LOS ANGELES – It’s wildfire season in California, and everyone should be prepared to evacuate their home if needed – but don’t forget Fluffy. The American Red Cross Los Angeles Region reminded pet owners that their furry friends are dependent on them for their safety during an emergency. The family’s disaster plans must include pets, and suggested several steps families can take to help keep their beloved pets safe.
“The best way to protect your household from a disaster is to have a plan and making sure to include your pets can save time during an emergency and minimize confusion,” Guillermo Sanchez, preparedness and resiliency manager for the American Red Cross in Los Angeles, said. “We should plan for pets just like we would plan for people, setting aside emergency supplies and making sure we know a safe place to take our pets in case of an evacuation.”
When it’s not safe for people to be at home, it’s not safe for pets either. Make an evacuation plan that includes everyone at home and their pets. Many hotels and shelters do not accept animals, so plan ahead when making overnight plans. And, when packing a disaster kit, assemble one for family pet too.
Create an emergency plan for the family pet.
Include pets in the family disaster plan. Take these five things into consideration.
Know which hotels and motels along the evacuation route will accept pets in an emergency. Call ahead for reservations if possible. Ask if “no pet” policies could be waived in an emergency. Most Red Cross shelters cannot accept pets because of health and safety concerns and other considerations. Service animals that assist people with disabilities are allowed in Red Cross shelters.
Know which friends, relatives, boarding facilities, animal shelters or veterinarians can care for the family’s animals in an emergency. Prepare a list with phone numbers.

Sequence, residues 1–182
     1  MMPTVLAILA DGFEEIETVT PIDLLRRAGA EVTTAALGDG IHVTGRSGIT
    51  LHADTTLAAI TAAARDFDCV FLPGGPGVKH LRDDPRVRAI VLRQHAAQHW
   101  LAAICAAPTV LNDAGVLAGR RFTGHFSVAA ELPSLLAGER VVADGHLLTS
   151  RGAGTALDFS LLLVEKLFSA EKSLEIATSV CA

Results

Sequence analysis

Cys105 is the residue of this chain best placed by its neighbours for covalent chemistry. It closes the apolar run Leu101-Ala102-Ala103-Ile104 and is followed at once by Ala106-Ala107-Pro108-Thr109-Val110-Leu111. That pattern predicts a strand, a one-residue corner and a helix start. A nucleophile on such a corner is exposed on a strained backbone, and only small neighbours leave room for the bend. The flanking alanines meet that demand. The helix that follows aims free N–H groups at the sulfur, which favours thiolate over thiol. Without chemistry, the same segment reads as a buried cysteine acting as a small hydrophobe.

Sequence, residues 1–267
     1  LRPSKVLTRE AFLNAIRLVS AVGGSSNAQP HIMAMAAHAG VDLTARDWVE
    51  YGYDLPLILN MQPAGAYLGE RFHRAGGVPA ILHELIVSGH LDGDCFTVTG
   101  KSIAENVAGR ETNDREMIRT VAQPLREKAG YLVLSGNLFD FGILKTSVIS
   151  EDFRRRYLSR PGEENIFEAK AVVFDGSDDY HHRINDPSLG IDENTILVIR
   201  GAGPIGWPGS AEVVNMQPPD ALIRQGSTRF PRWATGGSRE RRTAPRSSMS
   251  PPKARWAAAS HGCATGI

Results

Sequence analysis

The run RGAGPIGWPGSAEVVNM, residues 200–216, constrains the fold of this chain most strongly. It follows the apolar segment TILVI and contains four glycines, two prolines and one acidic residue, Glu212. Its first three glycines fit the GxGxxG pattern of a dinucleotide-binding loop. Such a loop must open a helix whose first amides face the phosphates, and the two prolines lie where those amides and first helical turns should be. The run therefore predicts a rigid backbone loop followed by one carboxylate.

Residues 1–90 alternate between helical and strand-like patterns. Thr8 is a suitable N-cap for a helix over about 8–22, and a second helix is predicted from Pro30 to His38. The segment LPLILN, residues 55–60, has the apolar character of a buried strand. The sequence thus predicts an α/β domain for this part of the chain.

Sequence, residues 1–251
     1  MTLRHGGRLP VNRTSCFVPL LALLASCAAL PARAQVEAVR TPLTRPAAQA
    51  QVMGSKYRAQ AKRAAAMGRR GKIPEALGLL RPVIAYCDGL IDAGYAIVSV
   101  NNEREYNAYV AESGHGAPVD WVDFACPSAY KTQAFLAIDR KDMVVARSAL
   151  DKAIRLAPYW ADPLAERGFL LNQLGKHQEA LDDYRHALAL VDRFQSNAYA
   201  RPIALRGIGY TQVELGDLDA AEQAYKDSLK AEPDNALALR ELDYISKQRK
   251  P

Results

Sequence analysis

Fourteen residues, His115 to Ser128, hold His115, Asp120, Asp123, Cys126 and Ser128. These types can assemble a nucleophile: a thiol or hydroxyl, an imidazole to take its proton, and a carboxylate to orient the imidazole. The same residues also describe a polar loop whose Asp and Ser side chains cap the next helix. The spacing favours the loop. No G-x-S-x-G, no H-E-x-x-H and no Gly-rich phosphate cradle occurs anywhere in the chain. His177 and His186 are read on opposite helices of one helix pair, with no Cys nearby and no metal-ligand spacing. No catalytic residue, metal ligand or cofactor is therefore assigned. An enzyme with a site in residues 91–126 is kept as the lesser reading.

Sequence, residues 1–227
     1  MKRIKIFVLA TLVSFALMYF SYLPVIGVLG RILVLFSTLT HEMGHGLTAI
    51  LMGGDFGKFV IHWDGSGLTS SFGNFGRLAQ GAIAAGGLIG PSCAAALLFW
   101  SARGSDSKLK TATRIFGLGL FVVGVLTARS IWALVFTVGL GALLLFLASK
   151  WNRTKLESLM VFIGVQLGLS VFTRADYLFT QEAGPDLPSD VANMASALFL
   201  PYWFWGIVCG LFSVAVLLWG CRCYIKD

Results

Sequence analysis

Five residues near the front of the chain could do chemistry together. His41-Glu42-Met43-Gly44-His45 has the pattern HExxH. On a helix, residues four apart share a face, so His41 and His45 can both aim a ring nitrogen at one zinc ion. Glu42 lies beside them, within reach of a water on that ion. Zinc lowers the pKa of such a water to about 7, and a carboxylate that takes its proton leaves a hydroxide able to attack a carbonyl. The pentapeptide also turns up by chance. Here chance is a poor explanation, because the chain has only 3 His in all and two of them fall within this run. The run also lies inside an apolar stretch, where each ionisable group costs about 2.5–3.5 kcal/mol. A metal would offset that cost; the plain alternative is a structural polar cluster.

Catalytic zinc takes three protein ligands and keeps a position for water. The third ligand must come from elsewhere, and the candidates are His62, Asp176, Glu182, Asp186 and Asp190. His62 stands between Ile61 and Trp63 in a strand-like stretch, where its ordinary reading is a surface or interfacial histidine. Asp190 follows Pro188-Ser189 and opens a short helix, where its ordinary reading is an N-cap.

Although the family’s animals may be more comfortable together, be prepared to house them separately, if necessary.
Include pets in evacuation drills so that they become used to entering and traveling in their carriers calmly.
Make sure that each pet’s vaccinations are current and that all dogs and cats are wearing collars with securely fastened, up-to-date identification. Many pet shelters require proof of current vaccinations to reduce the spread of disease. Consider having pets “microchipped” by the veterinarian.
Assemble an emergency kit for each pet.
Keep items in an accessible place and store them in sturdy containers so that they can be carried easily.
Pack sturdy leashes, harnesses and/or carriers to transport pets safely and ensure that they can’t escape.
Include food, drinking water, bowls, cat litter/pan and a manual can opener if a pet eats canned food.
Medications and copies of medical records can be stored in a waterproof container with a first-aid kit.
Add current photos of the family with the pet in case they get lost. Since many pets look alike, it will help to eliminate mistaken identity and confusion.
Remember to record a pet’s feeding schedule, medical conditions, behavior problems and the name and number of the local veterinarian in case they go into foster care.
Pack the pet beds and toys, if easily transportable.
Download the American Red Cross app.
Pet owners can download the Red Cross Pet First Aid app for veterinary advice for everyday pet emergencies at their fingertips. The free app features videos, quizzes and step-by-step advice on pet first aid and includes emergency preparedness information. Red Cross apps can be found in smartphone app stores by searching for American Red Cross or going to http://redcross.org/apps.
The American Red Cross shelters, feeds and provides emotional support to victims of disasters; supplies about 40% of the nation’s blood; teaches skills that save lives; provides international humanitarian aid and supports military members and their families. The Red Cross is a not-for-profit organization that depends on volunteers and the generosity of the American public to perform its mission. For more information, visit http://redcross.org/la or http://cruzrojaamericana.org, or find them on Twitter at @RedCrossLA or @CruzRojaLA.
Submitted by American Red Cross.